How small school districts are trying to keep teachers from leaving
August 23, 2018 | by Chris Davis
ELGIN, Texas (KXAN) — Recruiting and keeping teachers can be a challenge for school districts, and the problem is even more pronounced for smaller, rural districts.
Texas Education Agency data show that, in general, the smaller the district, the higher the percentage of teachers they lose each year. In Central Texas, the two districts with the highest turnover rates in the 2016-17 school year were Coupland and Elgin, which each lost more than one-third of their teachers that year, according to numbers compiled by the education data group E3 Alliance.
The Austin Independent School District’s turnover rate was 17 percent that school year.
Now administrators in districts like Elgin are taking steps to train homegrown teachers to build the sense of community in schools and keep new recruits from leaving.
“The more we can retain our teachers, the more we build that institutional memory, the more we build that culture, the more stability we have,” Al Rodriguez, Elgin ISD’s assistant superintendent of human capital, said.
The numbers this school year are looking better, he added. They hired 70 new teachers for this fall, out of a staff of about 300 teachers total. That’s about a 23 percent turnover rate.
As for why teachers are leaving, Rodriguez said it’s a combination of factors that all school districts deal with. One of the primary reasons is teachers wanting to work closer to home. This year, 70 percent of Elgin ISD’s teacher live outside the district.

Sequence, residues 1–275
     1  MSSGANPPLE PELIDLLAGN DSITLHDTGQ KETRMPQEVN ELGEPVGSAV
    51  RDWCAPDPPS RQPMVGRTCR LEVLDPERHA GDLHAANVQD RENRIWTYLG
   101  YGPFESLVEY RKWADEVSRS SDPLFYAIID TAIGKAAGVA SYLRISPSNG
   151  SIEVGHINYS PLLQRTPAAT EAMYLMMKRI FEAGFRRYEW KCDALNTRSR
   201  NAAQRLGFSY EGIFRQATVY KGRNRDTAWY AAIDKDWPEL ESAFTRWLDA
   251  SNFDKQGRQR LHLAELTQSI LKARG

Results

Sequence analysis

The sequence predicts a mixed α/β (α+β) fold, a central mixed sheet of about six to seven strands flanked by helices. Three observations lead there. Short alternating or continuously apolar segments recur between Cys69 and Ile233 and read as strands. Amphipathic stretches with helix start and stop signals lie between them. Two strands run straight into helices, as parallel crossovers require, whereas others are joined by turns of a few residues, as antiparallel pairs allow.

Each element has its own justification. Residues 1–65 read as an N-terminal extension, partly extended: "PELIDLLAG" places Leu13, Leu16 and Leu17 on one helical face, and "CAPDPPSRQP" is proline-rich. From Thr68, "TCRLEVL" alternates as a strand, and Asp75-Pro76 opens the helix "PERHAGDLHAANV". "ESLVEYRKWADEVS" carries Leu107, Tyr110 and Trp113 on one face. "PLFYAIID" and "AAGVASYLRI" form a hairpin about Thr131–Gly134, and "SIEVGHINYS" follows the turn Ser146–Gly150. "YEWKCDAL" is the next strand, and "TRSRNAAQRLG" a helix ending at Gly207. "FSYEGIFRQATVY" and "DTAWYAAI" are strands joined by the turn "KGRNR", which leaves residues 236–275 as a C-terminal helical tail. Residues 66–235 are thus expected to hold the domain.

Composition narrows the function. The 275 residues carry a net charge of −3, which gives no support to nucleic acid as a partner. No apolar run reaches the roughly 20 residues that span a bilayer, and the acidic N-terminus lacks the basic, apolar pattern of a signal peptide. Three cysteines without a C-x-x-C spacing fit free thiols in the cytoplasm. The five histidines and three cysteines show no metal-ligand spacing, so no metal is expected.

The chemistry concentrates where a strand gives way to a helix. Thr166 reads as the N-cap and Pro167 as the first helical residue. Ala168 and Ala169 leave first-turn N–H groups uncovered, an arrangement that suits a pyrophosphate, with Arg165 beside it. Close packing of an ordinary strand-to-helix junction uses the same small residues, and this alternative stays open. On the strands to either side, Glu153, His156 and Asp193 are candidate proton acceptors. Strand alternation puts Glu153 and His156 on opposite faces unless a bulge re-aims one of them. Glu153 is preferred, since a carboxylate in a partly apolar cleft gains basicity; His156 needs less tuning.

“Being 20 miles east of Austin, you know,” he said, “that commute becomes cumbersome at times.”
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About 30 minutes up the road, Granger ISD benefits from the community atmosphere Elgin is trying to cultivate. Teachers work in Granger often because they feel connected to it.
“I moved here about 10 years ago, and my kids actually came to school here before I taught here,” Tracy Terry, an English and language arts teacher, said.
Wednesday she was writing verbs, nouns, adjectives, and other parts of speech on big sheets of paper to hang around her room as she prepared to welcome students back on Monday.
Teaching is her second career, and when it came time to pursue it, she didn’t have to search for the job she wanted, despite the fact that in the strictest of terms, she has to commute to work.
“Our home is in the Georgetown school district,” she said. “We are just beyond the Granger district, and I didn’t know that when we bought it.”
Granger ISD’s turnover rate was 19 percent in 2016-17, according to E3, but with very few teachers overall in the district, a single departure makes an impact.
Terry said she’d like to have more resources at her disposal, like more teachers to bounce ideas off of, but she’s not complaining. The small class sizes and family atmosphere keep her happy where she is. Granger ISD is not at risk of losing her to a higher-paying job in another district.
“I would really miss not being able to follow that kid all the way through” school, she said.
Elgin ISD, meanwhile, says their teacher pay is competitive with larger districts close by, and they offer additional training to boost pay more. Still, like any district, they’d like to see more support from the state.
“No doubt that with more resources we could do more,” Rodriguez said, “and we’d like to do that.”